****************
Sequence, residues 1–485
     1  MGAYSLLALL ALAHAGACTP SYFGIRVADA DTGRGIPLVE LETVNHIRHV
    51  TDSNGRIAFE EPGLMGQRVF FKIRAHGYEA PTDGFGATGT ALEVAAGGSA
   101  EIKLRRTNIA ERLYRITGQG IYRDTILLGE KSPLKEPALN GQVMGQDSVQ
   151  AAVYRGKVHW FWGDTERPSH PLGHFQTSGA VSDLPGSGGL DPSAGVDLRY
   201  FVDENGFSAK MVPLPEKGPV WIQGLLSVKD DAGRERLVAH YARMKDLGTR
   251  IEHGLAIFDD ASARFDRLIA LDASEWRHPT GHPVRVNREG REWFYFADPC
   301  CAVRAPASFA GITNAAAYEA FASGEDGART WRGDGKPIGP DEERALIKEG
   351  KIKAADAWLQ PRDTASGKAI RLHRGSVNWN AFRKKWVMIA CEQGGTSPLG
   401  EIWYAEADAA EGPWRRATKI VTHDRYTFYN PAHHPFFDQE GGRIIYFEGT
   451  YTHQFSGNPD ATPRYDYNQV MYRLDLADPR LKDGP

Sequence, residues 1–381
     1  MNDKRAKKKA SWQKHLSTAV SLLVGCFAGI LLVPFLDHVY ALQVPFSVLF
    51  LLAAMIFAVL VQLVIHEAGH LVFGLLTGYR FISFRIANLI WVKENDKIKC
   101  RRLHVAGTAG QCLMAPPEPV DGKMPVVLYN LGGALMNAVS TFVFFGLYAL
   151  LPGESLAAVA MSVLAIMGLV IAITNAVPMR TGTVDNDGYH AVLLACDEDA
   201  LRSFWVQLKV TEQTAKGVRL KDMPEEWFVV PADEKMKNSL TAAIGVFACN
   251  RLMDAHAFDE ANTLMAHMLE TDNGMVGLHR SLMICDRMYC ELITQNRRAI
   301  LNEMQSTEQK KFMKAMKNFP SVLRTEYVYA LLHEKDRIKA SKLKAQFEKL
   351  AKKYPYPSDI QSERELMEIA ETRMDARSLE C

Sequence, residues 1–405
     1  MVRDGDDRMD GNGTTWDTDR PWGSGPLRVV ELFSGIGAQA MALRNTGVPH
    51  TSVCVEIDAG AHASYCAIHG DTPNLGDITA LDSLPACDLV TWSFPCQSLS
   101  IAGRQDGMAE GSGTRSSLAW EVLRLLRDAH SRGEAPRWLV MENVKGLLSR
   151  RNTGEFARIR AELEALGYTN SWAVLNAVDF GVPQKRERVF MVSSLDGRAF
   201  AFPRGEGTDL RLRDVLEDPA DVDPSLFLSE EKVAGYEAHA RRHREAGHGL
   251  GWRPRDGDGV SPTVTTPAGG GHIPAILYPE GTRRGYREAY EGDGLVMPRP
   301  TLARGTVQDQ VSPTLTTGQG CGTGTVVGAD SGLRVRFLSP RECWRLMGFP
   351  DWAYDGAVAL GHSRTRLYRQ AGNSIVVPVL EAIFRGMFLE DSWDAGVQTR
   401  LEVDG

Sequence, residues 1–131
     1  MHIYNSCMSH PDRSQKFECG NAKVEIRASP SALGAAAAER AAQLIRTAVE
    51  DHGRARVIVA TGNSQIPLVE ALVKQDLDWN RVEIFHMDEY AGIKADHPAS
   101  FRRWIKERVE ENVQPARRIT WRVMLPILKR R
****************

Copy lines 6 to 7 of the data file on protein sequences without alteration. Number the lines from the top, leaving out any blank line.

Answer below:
   201  FVDENGFSAK MVPLPEKGPV WIQGLLSVKD DAGRERLVAH YARMKDLGTR
   251  IEHGLAIFDD ASARFDRLIA LDASEWRHPT GHPVRVNREG REWFYFADPC